No one we talked with is sure how much Georgian natural wine is made by families for their own consumption, but commercial production is relatively limited. One producer estimated total output of perhaps 120,000 bottles more or less with several wineries in the 3000 to 6000 bottle capacity range. Little of this wine is sold domestically in Georgia because of its relatively high cost and the existence of family-produced alternatives.
So the focus is clearly on export to markets where natural wines have a strong presence including Italy, France and Denmark, and developing natural wine markets such as UK, Canada and the United States.
Given all of this my working hypothesis when we left for Georgia was this. The Russian market is the past, now they need to look to the future. But which future? The natural qvevri wines are Georgia’s key to differentiation in the new markets, but high quality natural wine is too narrow a category to carry the ambitions of a great wine producing nation.
Process of Elimination
My hypothesis, based on the process of elimination, was that the way forward is for Georgia to focus on increasing the quality of their conventional wines, making them in a clean international style and differentiating by stressing a small number of exciting indigenous grape varieties (perhaps red Saperavi and white Rkatsiteli and various blends) from among the dozens of native Georgia wine grapes.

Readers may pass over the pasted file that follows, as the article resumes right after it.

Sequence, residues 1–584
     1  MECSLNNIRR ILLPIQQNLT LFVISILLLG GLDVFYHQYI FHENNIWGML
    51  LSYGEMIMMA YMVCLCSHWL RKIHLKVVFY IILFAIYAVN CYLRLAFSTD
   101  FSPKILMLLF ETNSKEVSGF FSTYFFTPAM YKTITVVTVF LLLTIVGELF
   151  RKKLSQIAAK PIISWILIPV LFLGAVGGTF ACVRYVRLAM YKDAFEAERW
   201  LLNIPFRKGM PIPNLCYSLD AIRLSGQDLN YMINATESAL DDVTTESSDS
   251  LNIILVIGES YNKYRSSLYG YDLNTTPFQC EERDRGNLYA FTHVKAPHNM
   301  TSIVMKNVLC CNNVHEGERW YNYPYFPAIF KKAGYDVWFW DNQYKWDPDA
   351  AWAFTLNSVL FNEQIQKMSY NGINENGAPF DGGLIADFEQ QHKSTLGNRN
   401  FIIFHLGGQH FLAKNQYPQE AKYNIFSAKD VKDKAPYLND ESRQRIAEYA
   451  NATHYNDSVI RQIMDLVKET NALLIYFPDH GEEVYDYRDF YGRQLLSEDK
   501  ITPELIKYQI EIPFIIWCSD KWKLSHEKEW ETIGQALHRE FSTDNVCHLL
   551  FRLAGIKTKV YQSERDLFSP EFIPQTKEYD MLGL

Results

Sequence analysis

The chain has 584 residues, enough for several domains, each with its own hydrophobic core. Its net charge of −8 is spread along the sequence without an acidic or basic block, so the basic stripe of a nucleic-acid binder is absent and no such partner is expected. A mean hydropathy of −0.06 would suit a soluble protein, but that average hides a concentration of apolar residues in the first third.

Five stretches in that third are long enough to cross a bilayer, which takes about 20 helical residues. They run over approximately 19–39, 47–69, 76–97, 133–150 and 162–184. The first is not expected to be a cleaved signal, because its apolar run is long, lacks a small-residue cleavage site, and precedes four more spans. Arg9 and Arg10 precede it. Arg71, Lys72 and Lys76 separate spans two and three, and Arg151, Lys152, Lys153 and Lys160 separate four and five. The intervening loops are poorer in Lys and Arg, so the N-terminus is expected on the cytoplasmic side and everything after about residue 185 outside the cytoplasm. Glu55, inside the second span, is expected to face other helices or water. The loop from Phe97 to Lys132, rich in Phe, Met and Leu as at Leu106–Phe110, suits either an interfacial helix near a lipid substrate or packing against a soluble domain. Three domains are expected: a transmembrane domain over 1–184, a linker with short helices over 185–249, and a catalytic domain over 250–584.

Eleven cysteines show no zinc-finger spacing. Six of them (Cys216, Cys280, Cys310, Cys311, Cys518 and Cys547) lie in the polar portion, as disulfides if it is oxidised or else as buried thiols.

In other words, I saw Georgia in a very conventional way, much as I view Turkey or Portugal, for example. That was then. What do I think now? Come back next week to find out.
Thanks to the Georgia National Tourism Administration for inviting us to extend our visit to Georgia and generously providing us with help in visiitng the wine regions and meeting wine producers.
Very interesting. Thanks for this information. I’ve never had Georgian wines. I’m intrigued.
An unfortunate outcome. Years ago, I had some Rkatsiteli wine from Concannon winery in Livermore. I liked it so much I kept buying it until they finally stopped making it. Why? Probably the tongue-twister name (pronounced r-cat-sit-tell-e), a wonderful white wine with herbal and mineral notes and a great alternative to all those we are bored with. It is perhaps the oldest grape known to man!
Last Spring I visited Dr. Konstantin Frank WInery in the Finger Lakes, and was pleasantly surprised to see it on their wine list. I liked it as much or more than the first time twenty or so years earlier.
Looking forward to your next blog for more of your thoughts on Georgian wines.
Interestingly enough, I believe the reason Concannon stopped making a Rkatsiteli is because of the end of the Cold War!
Being in Livermore, Concannon was the site where scientists from the Lawrence Livermore Lab would take their visiting Russian counterparts. After the end of the Cold War, there was much less a need to host Soviet scientists. Just a nice anecdote I’ve heard John Concannon tell.
Interesting comment and makes sense. Thanks for writing!
For the love of me I can’t find what percentage is the wine made in Georgia is made strictly in Qvevri, as opposed to stainless steel and/or oak. You would think this would be a readily available statistic, but I guess it is not. In my opinion, Qvevri wines are offer the true essence of that the country is trying to achieve vis a vis wine and tourism in Georgia.